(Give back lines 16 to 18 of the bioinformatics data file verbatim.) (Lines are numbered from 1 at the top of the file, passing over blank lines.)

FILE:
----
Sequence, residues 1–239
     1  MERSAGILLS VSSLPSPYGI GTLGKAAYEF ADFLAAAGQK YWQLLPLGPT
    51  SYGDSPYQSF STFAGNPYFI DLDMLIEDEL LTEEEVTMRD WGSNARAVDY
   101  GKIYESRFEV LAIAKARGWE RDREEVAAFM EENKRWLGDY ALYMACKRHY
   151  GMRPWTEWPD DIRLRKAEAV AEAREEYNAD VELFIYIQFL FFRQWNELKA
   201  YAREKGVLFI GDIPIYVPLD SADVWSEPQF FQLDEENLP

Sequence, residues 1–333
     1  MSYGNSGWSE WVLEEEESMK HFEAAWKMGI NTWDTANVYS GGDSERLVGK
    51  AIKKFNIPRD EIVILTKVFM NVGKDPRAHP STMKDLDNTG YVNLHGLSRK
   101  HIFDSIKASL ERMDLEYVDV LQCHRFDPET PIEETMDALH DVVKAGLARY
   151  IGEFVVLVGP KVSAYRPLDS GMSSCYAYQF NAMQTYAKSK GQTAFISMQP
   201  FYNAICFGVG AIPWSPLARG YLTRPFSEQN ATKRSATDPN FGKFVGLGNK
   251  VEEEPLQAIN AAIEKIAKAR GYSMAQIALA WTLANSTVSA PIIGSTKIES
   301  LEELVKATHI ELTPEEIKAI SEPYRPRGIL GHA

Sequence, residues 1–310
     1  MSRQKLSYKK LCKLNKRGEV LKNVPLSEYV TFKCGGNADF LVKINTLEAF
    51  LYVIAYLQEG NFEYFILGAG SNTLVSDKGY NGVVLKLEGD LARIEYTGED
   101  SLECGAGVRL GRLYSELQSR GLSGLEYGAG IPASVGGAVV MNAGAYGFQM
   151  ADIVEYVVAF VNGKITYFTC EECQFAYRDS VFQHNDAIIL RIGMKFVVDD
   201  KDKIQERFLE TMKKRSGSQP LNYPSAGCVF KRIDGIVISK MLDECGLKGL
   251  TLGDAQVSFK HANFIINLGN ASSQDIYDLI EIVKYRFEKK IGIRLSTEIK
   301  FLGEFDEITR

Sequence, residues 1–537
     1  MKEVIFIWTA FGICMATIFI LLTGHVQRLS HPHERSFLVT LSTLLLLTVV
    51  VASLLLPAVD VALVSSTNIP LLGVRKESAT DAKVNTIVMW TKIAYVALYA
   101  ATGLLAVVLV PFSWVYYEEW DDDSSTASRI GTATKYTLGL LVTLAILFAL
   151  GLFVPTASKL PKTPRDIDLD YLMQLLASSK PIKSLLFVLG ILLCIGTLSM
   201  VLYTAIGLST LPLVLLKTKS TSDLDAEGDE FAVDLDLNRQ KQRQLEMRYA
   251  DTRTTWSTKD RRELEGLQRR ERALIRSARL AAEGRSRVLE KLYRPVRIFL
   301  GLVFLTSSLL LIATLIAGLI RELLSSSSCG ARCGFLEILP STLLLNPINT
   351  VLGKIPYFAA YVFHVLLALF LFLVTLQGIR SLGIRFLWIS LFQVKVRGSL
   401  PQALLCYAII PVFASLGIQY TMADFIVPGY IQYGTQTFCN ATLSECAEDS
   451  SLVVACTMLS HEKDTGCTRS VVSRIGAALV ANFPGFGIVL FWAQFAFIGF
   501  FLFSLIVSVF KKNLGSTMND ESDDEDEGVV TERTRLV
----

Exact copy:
     1  MSRQKLSYKK LCKLNKRGEV LKNVPLSEYV TFKCGGNADF LVKINTLEAF
    51  LYVIAYLQEG NFEYFILGAG SNTLVSDKGY NGVVLKLEGD LARIEYTGED
   101  SLECGAGVRL GRLYSELQSR GLSGLEYGAG IPASVGGAVV MNAGAYGFQM